Cask. 'Tis Caesar that you meane: Is it not, Cassius? Cassi. Let it be who it is: for Romans now Haue Thewes, and Limbes, like to their Ancestors; But woe the while, our Fathers mindes are dead, And we are gouern'd with our Mothers spirits, Our yoake, and sufferance, shew vs Womanish

Cask. Indeed, they say, the Senators to morrow Meane to establish Caesar as a King: And he shall weare his Crowne by Sea, and Land, In euery place, saue here in Italy

Cassi. I know where I will weare this Dagger then; Cassius from Bondage will deliuer Cassius: Therein, yee Gods, you make the weake most strong; Therein, yee Gods, you Tyrants doe defeat. Nor Stonie Tower, nor Walls of beaten Brasse, Nor ayre-lesse Dungeon, nor strong Linkes of Iron, Can be retentiue to the strength of spirit: But Life being wearie of these worldly Barres, Neuer lacks power to dismisse it selfe. If I know this, know all the World besides, That part of Tyrannie that I doe beare, I can shake off at pleasure.

Thunder still.

Cask. So can I: So euery Bond-man in his owne hand beares The power to cancell his Captiuitie

Cassi. And why should Csar be a Tyrant then? Poore man, I know he would not be a Wolfe, But that he sees the Romans are but Sheepe: He were no Lyon, were not Romans Hindes. Those that with haste will make a mightie fire, Begin it with weake Strawes. What trash is Rome? What Rubbish, and what Offall? when it serues For the base matter, to illuminate So vile a thing as Caesar. But oh Griefe, Where hast thou led me? I (perhaps) speake this Before a willing Bond-man: then I know My answere must be made. But I am arm'd, And dangers are to me indifferent

Cask. You speake to Caska, and to such a man, That is no flearing Tell-tale. Hold, my Hand: Be factious for redresse of all these Griefes, And I will set this foot of mine as farre, As who goes farthest

Cassi. There's a Bargaine made. Now know you, Caska, I haue mou'd already Some certaine of the Noblest minded Romans To vnder-goe, with me, an Enterprize, Of Honorable dangerous consequence; And I doe know by this, they stay for me In Pompeyes Porch: for now this fearefull Night, There is no stirre, or walking in the streetes; And the Complexion of the Element Is Fauors, like the Worke we haue in hand, Most bloodie, fierie, and most terrible. Enter Cinna.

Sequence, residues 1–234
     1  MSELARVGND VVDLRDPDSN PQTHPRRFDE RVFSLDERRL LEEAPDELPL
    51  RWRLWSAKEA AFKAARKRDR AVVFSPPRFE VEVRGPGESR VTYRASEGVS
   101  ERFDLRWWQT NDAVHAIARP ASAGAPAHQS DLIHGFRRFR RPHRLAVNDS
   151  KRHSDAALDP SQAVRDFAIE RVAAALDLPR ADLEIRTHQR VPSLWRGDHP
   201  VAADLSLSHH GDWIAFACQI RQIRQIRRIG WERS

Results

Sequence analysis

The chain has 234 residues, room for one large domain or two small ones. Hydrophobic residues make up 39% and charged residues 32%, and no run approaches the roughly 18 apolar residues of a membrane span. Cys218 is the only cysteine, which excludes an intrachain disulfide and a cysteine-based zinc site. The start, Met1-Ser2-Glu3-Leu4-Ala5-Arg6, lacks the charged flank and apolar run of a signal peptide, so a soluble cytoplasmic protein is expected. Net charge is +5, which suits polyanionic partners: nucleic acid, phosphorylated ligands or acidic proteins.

Caska. Stand close a while, for heere comes one in haste

Cassi. 'Tis Cinna, I doe know him by his Gate, He is a friend. Cinna, where haste you so? Cinna. To finde out you: Who's that, Metellus Cymber? Cassi. No, it is Caska, one incorporate To our Attempts. Am I not stay'd for, Cinna? Cinna. I am glad on't. What a fearefull Night is this? There's two or three of vs haue seene strange sights

Cassi. Am I not stay'd for? tell me

Cinna. Yes, you are. O Cassius, If you could but winne the Noble Brutus To our party- Cassi. Be you content. Good Cinna, take this Paper, And looke you lay it in the Pretors Chayre, Where Brutus may but finde it: and throw this In at his Window; set this vp with Waxe Vpon old Brutus Statue: all this done, Repaire to Pompeyes Porch, where you shall finde vs. Is Decius Brutus and Trebonius there? Cinna. All, but Metellus Cymber, and hee's gone To seeke you at your house. Well, I will hie, And so bestow these Papers as you bad me

Cassi. That done, repayre to Pompeyes Theater.

Exit Cinna.

Come Caska, you and I will yet, ere day, See Brutus at his house: three parts of him Is ours alreadie, and the man entire Vpon the next encounter, yeelds him ours

Cask. O, he sits high in all the Peoples hearts: And that which would appeare Offence in vs, His Countenance, like richest Alchymie, Will change to Vertue, and to Worthinesse

Cassi. Him, and his worth, and our great need of him, You haue right well conceited: let vs goe, For it is after Mid-night, and ere day, We will awake him, and be sure of him.


William Shakespeare
Classic Literature Library

All Pages of This Book